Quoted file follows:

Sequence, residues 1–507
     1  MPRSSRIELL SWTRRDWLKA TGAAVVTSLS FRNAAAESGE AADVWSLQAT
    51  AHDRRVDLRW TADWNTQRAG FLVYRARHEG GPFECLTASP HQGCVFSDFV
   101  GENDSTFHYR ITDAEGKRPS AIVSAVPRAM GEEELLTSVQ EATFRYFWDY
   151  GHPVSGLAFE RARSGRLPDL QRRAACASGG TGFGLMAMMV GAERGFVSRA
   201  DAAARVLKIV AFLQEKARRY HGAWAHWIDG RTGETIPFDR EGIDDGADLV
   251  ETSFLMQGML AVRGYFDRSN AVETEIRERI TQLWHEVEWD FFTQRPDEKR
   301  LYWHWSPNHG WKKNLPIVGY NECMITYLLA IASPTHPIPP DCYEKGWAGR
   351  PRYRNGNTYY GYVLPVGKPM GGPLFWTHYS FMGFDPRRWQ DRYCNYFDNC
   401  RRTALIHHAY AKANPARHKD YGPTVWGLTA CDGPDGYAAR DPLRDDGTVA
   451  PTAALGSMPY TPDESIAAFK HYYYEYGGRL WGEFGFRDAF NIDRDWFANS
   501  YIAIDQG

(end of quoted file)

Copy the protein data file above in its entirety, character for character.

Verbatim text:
Sequence, residues 1–507
     1  MPRSSRIELL SWTRRDWLKA TGAAVVTSLS FRNAAAESGE AADVWSLQAT
    51  AHDRRVDLRW TADWNTQRAG FLVYRARHEG GPFECLTASP HQGCVFSDFV
   101  GENDSTFHYR ITDAEGKRPS AIVSAVPRAM GEEELLTSVQ EATFRYFWDY
   151  GHPVSGLAFE RARSGRLPDL QRRAACASGG TGFGLMAMMV GAERGFVSRA
   201  DAAARVLKIV AFLQEKARRY HGAWAHWIDG RTGETIPFDR EGIDDGADLV
   251  ETSFLMQGML AVRGYFDRSN AVETEIRERI TQLWHEVEWD FFTQRPDEKR
   301  LYWHWSPNHG WKKNLPIVGY NECMITYLLA IASPTHPIPP DCYEKGWAGR
   351  PRYRNGNTYY GYVLPVGKPM GGPLFWTHYS FMGFDPRRWQ DRYCNYFDNC
   401  RRTALIHHAY AKANPARHKD YGPTVWGLTA CDGPDGYAAR DPLRDDGTVA
   451  PTAALGSMPY TPDESIAAFK HYYYEYGGRL WGEFGFRDAF NIDRDWFANS
   501  YIAIDQG